The European Commission halted legal proceedings against Slovakia, which introduced legal measures to stop the re-export of medicaments from the country to be sold more expensively abroad, the Pravda daily wrote on May 19.
The EC admitted that due to the potential re-exports, Slovak patients could be threatened by a lack of drugs, and thus admitted regulation in trading them. The Health Ministry opines that the EC thus acknowledged that medicaments are not common goods, according to Pravda.
It came to the conclusion that instead of the court trial concerning Slovakia’s failure to fulfil its obligations, it is necessary to seek other ways of handling this complex situation, the Sme daily wrote May 17. Since the international court proceedings have begun, Slovakia has already changed the criticised legislation.
In 2013, the country introduced the possibility of banning the re-export of medicaments abroad. Thus, the export was monitored, and in the case of a lack of a medicament, the State Institute for Drug Control (ŠÚKL) prevented the medicament from being exported. However, the EC disliked the legislation and it launched proceedings concerning the violation of legal norms concerning bans on the re-export of medicaments. In March 2015, the EC sent a reprimanding letter to Slovakia.
The EC’s stance
The amendment to the law on medicaments, which became effective as of January 1, 2017, abolished the criticised ban. Since then, only producers and holders of licenses – and not distribution companies – can export drugs financed from public health care.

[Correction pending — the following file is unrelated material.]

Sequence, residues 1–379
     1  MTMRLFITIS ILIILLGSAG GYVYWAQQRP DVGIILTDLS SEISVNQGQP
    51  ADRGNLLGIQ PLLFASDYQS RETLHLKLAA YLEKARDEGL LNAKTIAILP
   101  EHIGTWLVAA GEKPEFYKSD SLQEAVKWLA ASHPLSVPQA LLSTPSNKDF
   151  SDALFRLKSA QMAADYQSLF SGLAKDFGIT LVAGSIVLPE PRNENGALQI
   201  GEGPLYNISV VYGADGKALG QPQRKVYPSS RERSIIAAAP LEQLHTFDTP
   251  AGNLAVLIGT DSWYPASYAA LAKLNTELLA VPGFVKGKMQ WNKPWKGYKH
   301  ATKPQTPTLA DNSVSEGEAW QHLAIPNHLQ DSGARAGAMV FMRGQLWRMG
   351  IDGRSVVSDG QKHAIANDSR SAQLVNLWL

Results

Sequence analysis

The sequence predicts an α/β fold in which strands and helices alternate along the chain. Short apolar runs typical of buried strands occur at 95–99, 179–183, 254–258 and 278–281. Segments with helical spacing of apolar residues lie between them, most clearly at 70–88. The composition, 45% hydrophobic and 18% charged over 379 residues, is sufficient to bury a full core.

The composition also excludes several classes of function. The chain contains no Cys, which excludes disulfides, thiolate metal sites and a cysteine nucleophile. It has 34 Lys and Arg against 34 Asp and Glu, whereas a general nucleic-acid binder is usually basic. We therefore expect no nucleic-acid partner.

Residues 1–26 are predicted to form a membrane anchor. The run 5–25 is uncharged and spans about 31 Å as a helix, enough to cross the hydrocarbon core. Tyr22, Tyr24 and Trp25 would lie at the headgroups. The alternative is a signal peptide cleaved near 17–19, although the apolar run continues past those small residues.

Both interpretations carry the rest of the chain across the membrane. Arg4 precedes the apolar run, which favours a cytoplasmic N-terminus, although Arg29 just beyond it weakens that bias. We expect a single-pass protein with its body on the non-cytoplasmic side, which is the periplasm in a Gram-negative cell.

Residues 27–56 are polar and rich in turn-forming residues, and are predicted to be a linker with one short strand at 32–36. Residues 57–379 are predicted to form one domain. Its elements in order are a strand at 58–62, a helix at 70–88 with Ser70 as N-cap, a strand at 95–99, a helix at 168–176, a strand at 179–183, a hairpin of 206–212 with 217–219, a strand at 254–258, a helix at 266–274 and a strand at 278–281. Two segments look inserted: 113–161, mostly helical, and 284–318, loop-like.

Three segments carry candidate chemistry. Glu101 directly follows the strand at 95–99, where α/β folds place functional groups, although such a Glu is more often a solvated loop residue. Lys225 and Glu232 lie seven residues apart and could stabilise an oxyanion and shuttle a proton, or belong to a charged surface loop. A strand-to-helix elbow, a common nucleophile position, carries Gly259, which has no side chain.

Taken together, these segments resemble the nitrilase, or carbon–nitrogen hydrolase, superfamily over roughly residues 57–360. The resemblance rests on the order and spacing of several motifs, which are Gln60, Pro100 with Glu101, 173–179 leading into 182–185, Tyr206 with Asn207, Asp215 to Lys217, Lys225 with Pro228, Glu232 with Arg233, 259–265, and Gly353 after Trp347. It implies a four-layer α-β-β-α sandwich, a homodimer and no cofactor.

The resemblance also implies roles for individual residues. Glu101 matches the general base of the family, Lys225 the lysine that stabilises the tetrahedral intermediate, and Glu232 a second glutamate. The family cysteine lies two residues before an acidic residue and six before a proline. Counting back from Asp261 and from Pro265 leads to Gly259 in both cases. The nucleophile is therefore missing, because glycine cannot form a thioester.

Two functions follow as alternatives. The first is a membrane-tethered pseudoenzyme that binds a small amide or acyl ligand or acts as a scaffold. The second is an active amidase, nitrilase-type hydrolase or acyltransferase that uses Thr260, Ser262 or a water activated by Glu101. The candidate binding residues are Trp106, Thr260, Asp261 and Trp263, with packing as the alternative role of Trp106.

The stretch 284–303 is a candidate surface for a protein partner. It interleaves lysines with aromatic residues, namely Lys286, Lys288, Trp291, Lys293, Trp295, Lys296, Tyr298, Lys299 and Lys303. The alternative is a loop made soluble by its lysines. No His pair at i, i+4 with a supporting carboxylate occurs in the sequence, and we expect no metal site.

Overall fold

The EC opines that the parallel import and export of drugs is among legal forms of trade on the unified EU market. In some cases, member states can limit them but the measures have to be justified, adequate and serving legitimate public interest.
The EU executive stresses that a lack of adequate and continuous supplies of medicaments for human use to pharmacies is a serious problem, which is ever more and more frequent and that has occurred in recent years in several EU members. It can gravely impact a patient's treatment, and one of the causes for the lack of several drugs for human use can be the parallel trading in medicaments, according to Sme.
22. May 2018 at 14:09 | Compiled by Spectator staff